Another Dirty Side of Coal
Air Date: Week of January 2, 2009
The coal ash sludge oozed over 300 acres in Tennessee. (Photo: Sarah McCoin)
The dirty side of coal surfaced in Kingston, Tennessee in the form of a toxic black sludge last month. Coal ash, a byproduct of coal combustion, burst out of a Tennessee Valley Authority waste site and spilled out over 300 acres, endangering water supplies and public health. David Freeman, former head of the TVA, helped build the Kingston plant. He tells host Steve Curwood why he thinks coal-burning power plants should be phased out.
CURWOOD: From the Jennifer and Ted Stanley Studios in Somerville, Massachusetts - this is Living on Earth. I’m Steve Curwood.
Since three days before Christmas we've been learning more and more about the massive spill of toxic coal power plant waste that has made well waters in part of Kingston, Tennessee unsafe to drink. Arsenic and other poisons have now gotten into two nearby rivers.
Local resident Sarah McCoin describes the sludge that’s inundated dozens of homes close to the power plant.
MCCOIN: Charcoal, gray, gooey, nasty, gummy. It looks like the inside of a volcano that has just been active, and it goes as far as the eye can see. The lakes are gone, they're totally consumed.
CURWOOD: The Tennessee Valley Authority, the federal agency that owns and operates the plant, has pledged to clean up the mess but so far there’s no timetable.
And Sarah McCoin still does not feel safe.
MCCOIN: It's a very sick feeling; it certainly brings a tear to your eye. And then obviously I'm worried about my health - my health, my family's health, the health of my friends and neighbors.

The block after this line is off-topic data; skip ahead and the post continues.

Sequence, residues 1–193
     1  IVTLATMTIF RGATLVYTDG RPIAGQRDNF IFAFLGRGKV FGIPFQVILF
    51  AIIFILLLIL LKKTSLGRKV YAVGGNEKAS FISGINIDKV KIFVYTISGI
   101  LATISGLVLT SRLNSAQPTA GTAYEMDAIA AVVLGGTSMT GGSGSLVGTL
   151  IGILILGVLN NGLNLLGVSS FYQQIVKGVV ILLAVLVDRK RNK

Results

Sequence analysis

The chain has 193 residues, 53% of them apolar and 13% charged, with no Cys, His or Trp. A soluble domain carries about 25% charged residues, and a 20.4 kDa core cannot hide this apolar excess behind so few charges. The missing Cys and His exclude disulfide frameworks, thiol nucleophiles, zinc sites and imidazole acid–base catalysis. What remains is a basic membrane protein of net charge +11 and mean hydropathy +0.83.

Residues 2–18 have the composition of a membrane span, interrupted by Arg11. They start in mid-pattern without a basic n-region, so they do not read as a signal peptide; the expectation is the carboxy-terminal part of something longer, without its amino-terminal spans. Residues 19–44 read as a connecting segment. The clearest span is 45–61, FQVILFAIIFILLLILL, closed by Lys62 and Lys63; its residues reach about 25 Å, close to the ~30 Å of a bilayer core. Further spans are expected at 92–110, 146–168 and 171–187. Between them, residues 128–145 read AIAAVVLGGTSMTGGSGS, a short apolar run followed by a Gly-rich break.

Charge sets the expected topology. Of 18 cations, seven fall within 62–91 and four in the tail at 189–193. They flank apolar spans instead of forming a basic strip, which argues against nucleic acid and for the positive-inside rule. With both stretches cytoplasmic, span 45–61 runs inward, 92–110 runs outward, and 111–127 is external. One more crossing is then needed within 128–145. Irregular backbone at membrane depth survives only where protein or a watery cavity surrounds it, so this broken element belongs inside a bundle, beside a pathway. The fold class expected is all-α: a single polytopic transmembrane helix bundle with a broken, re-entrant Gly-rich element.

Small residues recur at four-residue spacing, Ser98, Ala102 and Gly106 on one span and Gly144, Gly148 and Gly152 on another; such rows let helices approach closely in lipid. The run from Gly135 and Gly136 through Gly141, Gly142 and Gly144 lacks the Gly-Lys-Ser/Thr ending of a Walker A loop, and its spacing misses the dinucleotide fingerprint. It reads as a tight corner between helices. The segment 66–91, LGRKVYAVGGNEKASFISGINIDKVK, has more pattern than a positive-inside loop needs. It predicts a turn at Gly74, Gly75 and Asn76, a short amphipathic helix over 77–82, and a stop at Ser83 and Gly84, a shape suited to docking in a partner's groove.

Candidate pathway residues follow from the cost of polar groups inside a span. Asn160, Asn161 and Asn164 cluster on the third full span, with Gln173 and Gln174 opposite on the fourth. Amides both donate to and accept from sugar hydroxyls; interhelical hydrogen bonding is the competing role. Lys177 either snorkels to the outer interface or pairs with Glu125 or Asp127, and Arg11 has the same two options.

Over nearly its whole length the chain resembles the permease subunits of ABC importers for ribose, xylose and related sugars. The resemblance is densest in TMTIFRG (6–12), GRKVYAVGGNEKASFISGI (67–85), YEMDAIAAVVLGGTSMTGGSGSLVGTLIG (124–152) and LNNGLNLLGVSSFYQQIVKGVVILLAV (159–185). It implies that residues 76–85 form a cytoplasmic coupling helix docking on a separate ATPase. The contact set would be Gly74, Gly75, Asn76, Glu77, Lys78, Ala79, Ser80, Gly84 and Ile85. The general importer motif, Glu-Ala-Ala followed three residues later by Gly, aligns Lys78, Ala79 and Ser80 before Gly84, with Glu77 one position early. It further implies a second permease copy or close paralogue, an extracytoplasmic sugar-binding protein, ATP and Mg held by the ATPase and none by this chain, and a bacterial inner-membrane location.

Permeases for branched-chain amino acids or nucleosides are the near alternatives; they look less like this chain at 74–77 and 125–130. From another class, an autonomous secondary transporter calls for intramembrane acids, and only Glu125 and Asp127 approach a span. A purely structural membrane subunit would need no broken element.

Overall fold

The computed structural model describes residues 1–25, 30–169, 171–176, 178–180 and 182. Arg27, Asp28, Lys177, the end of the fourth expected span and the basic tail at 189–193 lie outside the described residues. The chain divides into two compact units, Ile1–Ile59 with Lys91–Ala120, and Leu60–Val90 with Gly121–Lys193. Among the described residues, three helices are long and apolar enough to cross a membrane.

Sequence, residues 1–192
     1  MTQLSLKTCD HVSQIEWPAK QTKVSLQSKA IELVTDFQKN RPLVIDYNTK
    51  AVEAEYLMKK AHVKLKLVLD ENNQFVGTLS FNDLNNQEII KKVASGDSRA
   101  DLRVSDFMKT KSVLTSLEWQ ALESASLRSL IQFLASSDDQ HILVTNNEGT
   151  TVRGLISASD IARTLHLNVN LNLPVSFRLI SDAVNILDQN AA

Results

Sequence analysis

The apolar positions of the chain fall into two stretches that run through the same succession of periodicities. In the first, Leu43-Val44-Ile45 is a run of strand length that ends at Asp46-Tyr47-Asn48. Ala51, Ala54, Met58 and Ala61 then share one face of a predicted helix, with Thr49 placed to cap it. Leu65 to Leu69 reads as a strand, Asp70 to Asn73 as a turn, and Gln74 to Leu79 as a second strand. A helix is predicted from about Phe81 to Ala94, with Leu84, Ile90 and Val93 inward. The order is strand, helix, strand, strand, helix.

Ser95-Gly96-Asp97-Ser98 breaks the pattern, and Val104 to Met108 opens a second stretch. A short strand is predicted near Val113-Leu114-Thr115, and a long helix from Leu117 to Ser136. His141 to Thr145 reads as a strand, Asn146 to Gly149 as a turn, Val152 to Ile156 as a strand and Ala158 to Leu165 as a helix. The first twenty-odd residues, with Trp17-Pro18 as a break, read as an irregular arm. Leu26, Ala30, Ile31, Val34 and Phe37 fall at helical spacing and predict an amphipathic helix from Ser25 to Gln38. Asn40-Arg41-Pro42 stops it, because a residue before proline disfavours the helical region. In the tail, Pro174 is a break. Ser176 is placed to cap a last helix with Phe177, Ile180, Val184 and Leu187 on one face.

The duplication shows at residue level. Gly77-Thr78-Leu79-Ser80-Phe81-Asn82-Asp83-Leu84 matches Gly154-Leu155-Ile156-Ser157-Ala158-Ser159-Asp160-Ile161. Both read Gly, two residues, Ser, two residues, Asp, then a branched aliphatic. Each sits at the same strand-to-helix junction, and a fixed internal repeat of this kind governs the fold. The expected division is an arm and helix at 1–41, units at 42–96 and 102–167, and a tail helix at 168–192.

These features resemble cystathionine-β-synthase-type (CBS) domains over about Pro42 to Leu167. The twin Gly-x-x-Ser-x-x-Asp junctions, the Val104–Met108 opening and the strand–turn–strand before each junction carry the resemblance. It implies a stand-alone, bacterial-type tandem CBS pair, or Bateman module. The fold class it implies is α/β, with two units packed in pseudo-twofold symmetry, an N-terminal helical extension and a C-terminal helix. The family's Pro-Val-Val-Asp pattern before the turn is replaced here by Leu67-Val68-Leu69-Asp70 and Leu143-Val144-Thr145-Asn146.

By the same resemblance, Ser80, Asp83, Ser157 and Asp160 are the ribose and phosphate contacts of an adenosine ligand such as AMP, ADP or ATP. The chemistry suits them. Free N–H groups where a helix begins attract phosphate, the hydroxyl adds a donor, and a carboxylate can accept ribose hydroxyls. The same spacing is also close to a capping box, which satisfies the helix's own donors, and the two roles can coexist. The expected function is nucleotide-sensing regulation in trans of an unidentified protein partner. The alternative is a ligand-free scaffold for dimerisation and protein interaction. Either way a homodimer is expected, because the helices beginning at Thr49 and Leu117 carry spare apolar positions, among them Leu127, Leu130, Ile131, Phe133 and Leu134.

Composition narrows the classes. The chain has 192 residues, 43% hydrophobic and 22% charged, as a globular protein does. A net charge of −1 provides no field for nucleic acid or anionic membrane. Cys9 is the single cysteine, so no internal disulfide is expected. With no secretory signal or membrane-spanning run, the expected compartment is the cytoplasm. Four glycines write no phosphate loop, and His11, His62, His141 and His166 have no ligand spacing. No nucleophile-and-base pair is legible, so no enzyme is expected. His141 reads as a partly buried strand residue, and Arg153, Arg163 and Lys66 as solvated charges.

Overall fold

CURWOOD: Joining us now is the former head of the TVA, S. David Freeman. He was appointed by President Jimmy Carter in 1977, and later ran the Sacramento Municipal Utility District, and the New York Power Authority.
FREEMAN: Let me tell you about this Kingston plant. You’ve happened to have picked a fella that knows a whole lot about it. As a civil engineer for TVA in 1950, I designed the basement floor and the turbine foundations for that power plant. It went online in 1950. You know, the power plants, we thought of as having a twenty-five year life. The thing had lasted for 58 years and gone pretty much full blast the whole time. And the stuff piled up and piled up. If you think of it as water behind a dam, the higher the water gets, the more stress there is on the dam. It – the thing broke down because it obviously was not designed to hold back that much of the stuff. But it’s just a reminder that we are running these old, dirty power plants forever. And it also is a lesson that should be learned about extending the life of these nuclear plants.
CURWOOD: When you were chair of TVA, you closed a number of nuclear power plants …
CURWOOD: At that time, how concerned were you that a disaster like this fly ash disaster would happen?
FREEMAN: You know, we were just violating the hell out of the air quality laws, and I’ll have to admit that the back-up of ash was really not on my agenda at the time.